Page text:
I have posted before about my philosophy with real estate investor clients. I don't dislike newbies or amateurs, but I sure do a good job of scaring them about the realities of how expensive a mistake in real estate can be. I know investors who spent $400,000 on properties before the sub prime crisis hit, expecting to sell at $550,000. 18 months later, the house sold for...wait for it...$400,000. Did they break even? NO, they lost big time because of the overhead, taxes, cost of money, and carrying costs. The Great Recession created a great many ex-real estate investors.
Our best investors pay cash, know what they are doing, are risk averse but decisive, and are eager to make a deal happen but not foolhardy. They have gotten people out of hot water, saved neighborhoods from a vacant foreclosure, helped renters buy their first home, and made strong profits for themselves in the meantime. They don't watch cable TV shows about flipping houses. They are unimpressed by the amount of money they have in the warehouse, because it is working capital, a tool as much as a truck or plow for their respective trade, and typically devoid of ego. Ego doesn't make money.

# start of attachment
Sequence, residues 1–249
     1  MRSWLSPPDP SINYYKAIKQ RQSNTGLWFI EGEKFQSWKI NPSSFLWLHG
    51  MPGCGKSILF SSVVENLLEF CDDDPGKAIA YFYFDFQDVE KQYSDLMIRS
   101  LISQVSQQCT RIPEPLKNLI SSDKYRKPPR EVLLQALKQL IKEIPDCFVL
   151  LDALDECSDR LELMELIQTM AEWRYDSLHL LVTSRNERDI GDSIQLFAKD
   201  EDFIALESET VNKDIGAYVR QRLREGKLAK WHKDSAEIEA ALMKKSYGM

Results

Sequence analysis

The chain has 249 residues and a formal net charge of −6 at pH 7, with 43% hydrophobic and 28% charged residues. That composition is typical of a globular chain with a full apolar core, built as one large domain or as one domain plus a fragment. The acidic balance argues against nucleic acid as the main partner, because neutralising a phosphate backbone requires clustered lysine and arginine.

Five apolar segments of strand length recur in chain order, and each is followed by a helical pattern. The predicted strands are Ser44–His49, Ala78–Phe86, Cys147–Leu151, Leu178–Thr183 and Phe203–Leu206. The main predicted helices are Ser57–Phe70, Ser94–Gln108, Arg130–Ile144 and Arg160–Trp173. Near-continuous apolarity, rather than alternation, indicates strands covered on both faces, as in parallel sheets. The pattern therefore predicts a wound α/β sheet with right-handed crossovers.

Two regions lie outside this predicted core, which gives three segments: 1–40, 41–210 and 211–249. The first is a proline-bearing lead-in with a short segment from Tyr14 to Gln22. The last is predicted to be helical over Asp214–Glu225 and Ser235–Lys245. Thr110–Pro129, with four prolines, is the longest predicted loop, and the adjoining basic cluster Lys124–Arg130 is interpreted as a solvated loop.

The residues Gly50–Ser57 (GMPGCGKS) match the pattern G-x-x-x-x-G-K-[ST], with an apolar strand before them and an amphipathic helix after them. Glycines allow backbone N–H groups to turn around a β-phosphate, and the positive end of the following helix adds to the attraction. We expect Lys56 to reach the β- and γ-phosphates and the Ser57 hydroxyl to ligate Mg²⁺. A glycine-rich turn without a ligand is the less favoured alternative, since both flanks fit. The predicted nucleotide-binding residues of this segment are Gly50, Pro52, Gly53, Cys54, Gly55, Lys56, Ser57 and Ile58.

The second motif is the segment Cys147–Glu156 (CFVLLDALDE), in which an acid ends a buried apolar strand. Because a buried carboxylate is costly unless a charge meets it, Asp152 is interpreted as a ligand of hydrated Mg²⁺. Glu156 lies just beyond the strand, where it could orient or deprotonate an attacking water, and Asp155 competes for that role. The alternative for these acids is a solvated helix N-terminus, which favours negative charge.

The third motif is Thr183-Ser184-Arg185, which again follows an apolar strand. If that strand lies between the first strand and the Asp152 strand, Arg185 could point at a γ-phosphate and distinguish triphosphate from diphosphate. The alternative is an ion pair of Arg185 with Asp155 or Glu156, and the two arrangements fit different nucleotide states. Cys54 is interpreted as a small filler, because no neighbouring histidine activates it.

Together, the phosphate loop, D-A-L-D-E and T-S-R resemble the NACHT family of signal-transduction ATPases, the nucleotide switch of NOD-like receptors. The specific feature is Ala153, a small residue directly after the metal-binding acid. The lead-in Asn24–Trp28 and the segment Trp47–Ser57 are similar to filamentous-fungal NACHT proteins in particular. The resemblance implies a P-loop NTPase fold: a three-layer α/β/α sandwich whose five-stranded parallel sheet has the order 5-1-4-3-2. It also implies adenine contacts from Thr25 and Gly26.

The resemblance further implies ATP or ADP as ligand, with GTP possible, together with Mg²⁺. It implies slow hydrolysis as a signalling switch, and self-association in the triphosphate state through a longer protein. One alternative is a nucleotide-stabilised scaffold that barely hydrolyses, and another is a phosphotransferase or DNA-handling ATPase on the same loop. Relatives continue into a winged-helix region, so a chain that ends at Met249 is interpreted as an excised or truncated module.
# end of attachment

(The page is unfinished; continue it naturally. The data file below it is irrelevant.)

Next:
They also are known more for the possible deals they pass on than the few they do make, because there are way more frogs out there than princes. They never speculate on a property or opportunity they don't fully understand. Warren Buffett was once asked why he didn't own more stock in Microsoft, and his explanation was a lesson for us all: He's not a software guy. He doesn't know the business, and just because the stock does well doesn't mean he feels right about buying it. Buffett knows insurance (his area of expertise, actually), Cola, Razors, candy, and other products. That's where he makes his hay. An investor of mine who does well turning cape cods around will never buy a 30-unit apartment building because even though it might have fantastic cash flow, it is beyond the scope of his expertise- maintenance, management, rent collection, that is not something one wants to learn on the fly with huge money on the line.
An investor in 2010 with brains buys what they know. They don't leverage much, if at all. They take risks that are calculated but not speculative. And they are also intelligent enough to use an agent like myself who speaks their language.
If you have the funds to pay cash, know the business and the risks, and are looking for a transaction with a good margin, we should talk.
If you want to learn the business, are not a cash buyer, or just dream of being a big investor, I'll talk to you. But what I tell you might scare you away.